Water furrows of the Karoo
Did you know?
Prince Albert furrows are fed by 'Die Fonteintjie' (the 'little fountain' in Afrikaans), which is a stream running down from the Swartberg range.
One of the most special features of certain little towns in the Karoo – South Africa’s dry heartland – is the old water-furrow system.
You’ll see how, on a summer’s day, children are drawn to these ingenious networks of gravity-fed furrows that send water coursing through the streets. There’s normally a quickly constructed paper boat or even a cork to hand, which is sent floating down, with youngsters running alongside it.
The water furrows of the Karoo are fed by dams, rivers and mountain streams in the vicinity. They were mostly designed and set up in the 1800s, and access to water from a furrow is and was jealously guarded and treasured.
Of the many Karoo towns that used to have functional water furrows, the three most prominent that still operate part of their water systems this way are Prince Albert, Nieu Bethesda and Cradock.
In Prince Albert, the legend goes, your leiwater (water furrow) allocation times are strictly set by the church clock.
At some time in the distant past, two farmers nearly came to blows because of disagreements about whose watch was fast or slow – and who, subsequently, was getting the wrong end of the stick. It was subsequently decided that the Prince Albert Dutch Reformed Church timepiece would be the arbiter when it came to water-furrow time.
In Nieu Bethesda, deep in the Sneeuberg range, sweet water comes tumbling down from the mountains into the village via the water furrows. As you walk around the dusty streets of Nieu Bethesda in the evenings, you will hear the unmistakeable gurgling of the water in these furrows.
The stream water, after all, made the existence of this iconic little settlement possible.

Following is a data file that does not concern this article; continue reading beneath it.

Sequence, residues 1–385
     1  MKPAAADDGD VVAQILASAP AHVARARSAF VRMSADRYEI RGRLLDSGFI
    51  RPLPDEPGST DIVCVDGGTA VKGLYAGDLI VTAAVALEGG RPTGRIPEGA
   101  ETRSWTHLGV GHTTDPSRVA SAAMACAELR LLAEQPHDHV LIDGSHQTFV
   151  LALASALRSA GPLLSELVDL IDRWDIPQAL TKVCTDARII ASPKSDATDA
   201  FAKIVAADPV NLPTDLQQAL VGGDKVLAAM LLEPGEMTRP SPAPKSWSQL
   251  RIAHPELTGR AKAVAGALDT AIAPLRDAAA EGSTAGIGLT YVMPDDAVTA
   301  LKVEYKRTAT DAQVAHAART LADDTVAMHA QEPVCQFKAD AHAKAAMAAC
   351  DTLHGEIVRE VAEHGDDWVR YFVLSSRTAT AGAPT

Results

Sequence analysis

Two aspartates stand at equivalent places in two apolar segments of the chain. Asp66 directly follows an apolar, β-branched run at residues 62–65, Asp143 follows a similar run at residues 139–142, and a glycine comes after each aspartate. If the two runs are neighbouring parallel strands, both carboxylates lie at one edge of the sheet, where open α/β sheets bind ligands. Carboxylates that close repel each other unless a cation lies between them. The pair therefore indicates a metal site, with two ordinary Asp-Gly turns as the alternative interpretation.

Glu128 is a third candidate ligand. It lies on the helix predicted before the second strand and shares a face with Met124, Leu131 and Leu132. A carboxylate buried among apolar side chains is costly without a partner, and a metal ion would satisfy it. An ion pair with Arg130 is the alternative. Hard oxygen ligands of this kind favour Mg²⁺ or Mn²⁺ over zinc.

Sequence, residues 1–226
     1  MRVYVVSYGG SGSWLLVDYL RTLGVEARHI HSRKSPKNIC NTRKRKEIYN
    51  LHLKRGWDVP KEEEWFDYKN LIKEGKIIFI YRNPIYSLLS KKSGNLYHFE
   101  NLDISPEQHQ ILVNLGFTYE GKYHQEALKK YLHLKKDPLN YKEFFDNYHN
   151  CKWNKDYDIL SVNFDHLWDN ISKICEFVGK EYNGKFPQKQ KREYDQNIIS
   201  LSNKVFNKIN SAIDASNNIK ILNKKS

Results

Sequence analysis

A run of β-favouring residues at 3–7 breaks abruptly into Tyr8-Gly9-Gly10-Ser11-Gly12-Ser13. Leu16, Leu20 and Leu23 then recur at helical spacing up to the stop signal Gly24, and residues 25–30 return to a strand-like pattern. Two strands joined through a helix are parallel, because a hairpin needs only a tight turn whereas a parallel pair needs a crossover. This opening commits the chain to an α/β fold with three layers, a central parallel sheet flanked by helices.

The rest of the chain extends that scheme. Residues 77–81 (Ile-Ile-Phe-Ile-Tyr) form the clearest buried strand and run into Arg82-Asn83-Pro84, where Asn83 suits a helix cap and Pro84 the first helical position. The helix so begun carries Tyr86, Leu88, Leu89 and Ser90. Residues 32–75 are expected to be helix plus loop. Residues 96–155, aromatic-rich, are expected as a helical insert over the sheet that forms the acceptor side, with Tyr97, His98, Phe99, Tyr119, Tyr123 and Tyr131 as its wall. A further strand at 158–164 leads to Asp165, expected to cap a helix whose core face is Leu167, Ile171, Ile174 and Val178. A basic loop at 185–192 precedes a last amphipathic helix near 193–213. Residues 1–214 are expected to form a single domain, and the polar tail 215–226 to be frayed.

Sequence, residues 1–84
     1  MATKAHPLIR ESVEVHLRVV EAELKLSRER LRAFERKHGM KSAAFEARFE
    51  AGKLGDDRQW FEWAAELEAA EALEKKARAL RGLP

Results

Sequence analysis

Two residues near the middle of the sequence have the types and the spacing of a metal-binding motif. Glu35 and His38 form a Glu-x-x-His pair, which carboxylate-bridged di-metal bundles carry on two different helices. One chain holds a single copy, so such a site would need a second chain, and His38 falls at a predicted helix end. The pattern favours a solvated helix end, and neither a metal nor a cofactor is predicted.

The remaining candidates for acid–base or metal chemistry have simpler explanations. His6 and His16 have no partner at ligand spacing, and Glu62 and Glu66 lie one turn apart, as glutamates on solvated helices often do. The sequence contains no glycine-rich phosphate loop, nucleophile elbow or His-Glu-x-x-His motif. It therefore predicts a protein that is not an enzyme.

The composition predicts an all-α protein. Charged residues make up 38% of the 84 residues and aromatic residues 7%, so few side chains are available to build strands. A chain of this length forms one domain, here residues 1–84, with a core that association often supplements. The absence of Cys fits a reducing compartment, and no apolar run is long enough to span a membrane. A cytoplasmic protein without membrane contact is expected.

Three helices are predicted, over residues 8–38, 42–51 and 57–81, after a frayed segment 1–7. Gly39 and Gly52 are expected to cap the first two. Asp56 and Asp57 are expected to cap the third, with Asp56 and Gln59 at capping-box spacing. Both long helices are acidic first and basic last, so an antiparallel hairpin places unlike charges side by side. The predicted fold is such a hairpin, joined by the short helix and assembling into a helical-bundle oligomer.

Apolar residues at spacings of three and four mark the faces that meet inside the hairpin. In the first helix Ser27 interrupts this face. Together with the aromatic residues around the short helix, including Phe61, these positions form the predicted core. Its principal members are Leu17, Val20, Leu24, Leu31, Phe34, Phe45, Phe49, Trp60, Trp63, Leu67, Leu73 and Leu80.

The famous man of letters, the late Professor Guy Butler (a legendary South African author, lecturer and poet), grew up in the Eastern Cape Karoo town of Cradock, where the Bree Street water furrows are still fed by the Great Fish River that flows past.
In Karoo Morning, Butler writes about the water furrows in front of his grandmother’s house: ‘The sun could be blazing on Bree Street, but the furrow under the beefwood trees would be cool. So one naturally took one’s playthings into the furrow with one.
‘There is a family story of Grannie pulling a sopping Butler grandchild out of the half-full furrow, both its chubby fists full of her silver teaspoons.’
Travel tips & Planning info
Who to contact
Prince Albert Tourism
Tel: +27 (0)23 541 1366
Nieu Bethesda information:
Tel: +27 (0)49 841 1642
Cradock-Middelburg Tourism & Schreiner House, Cradock
Curator: Brian Wilmot
Tel: +27 (0)48 881 5251
How to get here
The most scenic way to get to Prince Albert is from Cape Town via the R62 to Oudtshoorn, then over the Swartberg Pass. It’s a journey of about 490km, which will take about six hours or more if you stop along the way.
Nieu Bethesda lies approx. 80km north of Graaff-Reinet, which is approx. 670km (eight hours' drive) from Cape Town and 830km (nine to 10 hours' drive) from Johannesburg.
Cradock lies about 250km north of Port Elizabeth (three hours' drive) on the N10, and about 810km (nine or 10 hours' drive) from both Johannesburg and Cape Town.
Best time to visit
The best times to see the Karoo are in the spring (September to October), autumn (April to May) and, for the hardy (because it can get very cold), the winter months of June and July.
Around the area
If you visit all three towns in one road trip, your journey will take you through most of the Great Karoo.
Tours to do
Contact Karoo Connections in Graaff-Reinet for tours to places like the Valley of Desolation.
Driving yourself is the best way to get around and see the Karoo.
What will it cost
Accommodation costs in the Karoo are generally 20% or more lower than in the urban areas of South Africa.
Length of stay
Set aside a week if you can (or at least a few days) for your road trip to Prince Albert, Nieu Bethesda and Cradock.
What to pack
Pack seasonally and informally, and don’t forget to include some good hiking boots.
Where to stay
All three towns have plenty of good accommodation – see the listed websites for some options.
What to eat
Try savouring lamb chops from each region – and see how they differ in taste according to the vegetation they eat.
There's lots on in the Karoo, from the Olive Festival in Prince Albert to the Arts Festival in Nieu Bethesda and the Fish River Canoe Marathon in Cradock.
Check in at farm stalls en route and ask for woolly winter slippers.